The Use of Computed Tomography (CT) to Quantify Particle and Bed Structure Metrics for Fluvial Sediment in Gravel-Bed Rivers

Thursday 30 March 2017 - 14:00 to 15:00
NOC Southampton - Node Room (074/02) (Waterfront Campus).
Dr Hal Voepel

Uncertainty in bedload estimates for gravel bed rivers is largely driven by our inability to characterize arrangement, orientation and resultant forces of fluvial sediment in river beds.  Water working of grains leads to structural differences between areas of the bed through particle sorting, packing, imbrication, mortaring and degree of bed armoring.  In this study, non-destructive, micro-focus X-ray computed tomography (CT) imaging in 3D is used to visualize, quantify and assess the internal geometry of sections of a flume bed that have been extracted keeping their fabric intact.  Flume experiments were conducted at 1:1 scaling of our prototype river. Here we present some image processing and derived metrics from a CT scanned sample from our flume experiments.  This is the first time bed stability has been studied in 3D using CT scanned images of sediment from the bed surface to depths well into the subsurface.  The derived metrics and inter-granular relationships and characterization of bed structures will lead to improved bedload estimates with reduced uncertainty.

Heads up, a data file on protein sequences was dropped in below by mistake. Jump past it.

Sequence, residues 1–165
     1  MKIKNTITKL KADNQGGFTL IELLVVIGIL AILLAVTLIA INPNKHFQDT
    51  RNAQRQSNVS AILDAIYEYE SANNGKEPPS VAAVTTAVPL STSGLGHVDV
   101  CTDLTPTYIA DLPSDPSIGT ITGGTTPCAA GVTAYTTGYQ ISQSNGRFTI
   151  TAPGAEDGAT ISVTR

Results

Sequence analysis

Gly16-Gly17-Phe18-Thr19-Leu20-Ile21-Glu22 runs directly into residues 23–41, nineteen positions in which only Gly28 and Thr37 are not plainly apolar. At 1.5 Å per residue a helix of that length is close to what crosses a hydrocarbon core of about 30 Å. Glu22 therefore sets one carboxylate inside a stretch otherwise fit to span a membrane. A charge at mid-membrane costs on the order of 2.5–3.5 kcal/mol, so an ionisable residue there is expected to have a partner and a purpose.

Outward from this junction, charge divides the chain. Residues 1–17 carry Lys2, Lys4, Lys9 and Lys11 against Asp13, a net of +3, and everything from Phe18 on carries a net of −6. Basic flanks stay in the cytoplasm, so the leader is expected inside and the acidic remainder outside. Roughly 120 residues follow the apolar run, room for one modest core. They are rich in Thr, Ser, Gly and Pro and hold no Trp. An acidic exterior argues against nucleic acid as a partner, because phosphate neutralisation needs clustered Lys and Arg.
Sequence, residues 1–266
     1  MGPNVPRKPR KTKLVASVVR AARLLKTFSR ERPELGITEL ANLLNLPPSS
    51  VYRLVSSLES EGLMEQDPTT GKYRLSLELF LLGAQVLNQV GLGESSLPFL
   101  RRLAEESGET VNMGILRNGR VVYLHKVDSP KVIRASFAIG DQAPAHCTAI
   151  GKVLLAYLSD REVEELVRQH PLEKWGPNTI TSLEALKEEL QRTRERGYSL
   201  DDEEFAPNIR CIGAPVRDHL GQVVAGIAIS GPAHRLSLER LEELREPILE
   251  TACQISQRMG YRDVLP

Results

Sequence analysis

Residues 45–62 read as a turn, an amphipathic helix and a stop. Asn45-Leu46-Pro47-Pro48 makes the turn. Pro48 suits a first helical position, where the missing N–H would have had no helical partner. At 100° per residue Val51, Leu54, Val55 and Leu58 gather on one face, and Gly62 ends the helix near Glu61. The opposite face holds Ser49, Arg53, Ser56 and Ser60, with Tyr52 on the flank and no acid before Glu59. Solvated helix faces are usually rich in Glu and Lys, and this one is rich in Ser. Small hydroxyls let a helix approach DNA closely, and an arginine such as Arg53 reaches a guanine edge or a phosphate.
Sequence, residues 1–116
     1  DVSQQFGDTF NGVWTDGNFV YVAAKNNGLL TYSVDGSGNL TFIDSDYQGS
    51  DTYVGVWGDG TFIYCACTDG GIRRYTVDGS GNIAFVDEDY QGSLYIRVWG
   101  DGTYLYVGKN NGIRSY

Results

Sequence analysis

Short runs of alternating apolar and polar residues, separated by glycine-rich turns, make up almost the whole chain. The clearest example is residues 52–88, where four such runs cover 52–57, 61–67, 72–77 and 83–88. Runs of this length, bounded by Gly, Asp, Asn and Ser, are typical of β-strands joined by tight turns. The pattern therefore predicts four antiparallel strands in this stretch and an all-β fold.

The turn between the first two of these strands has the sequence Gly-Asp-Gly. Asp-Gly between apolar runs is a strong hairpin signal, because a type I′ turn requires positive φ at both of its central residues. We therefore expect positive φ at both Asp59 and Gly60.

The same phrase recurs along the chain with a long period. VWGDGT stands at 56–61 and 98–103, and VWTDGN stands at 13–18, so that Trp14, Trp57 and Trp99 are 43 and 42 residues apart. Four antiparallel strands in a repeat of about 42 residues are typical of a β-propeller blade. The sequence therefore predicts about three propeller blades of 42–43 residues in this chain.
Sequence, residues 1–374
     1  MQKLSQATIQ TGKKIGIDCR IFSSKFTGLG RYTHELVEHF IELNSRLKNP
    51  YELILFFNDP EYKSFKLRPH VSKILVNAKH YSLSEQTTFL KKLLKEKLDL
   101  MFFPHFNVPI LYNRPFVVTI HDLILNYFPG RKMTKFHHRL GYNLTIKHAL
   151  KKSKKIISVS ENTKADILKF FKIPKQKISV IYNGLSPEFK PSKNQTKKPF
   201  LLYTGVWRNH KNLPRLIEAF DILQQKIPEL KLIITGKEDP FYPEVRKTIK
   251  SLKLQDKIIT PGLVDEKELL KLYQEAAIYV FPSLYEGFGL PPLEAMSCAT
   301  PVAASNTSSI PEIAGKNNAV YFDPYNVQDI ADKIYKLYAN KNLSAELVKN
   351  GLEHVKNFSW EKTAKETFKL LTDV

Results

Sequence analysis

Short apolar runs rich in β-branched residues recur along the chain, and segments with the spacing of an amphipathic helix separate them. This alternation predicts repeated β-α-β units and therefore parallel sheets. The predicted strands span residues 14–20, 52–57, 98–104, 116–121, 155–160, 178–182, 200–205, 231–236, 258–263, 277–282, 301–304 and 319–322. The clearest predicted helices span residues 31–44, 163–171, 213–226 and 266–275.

Seminar category: 
POETS Corner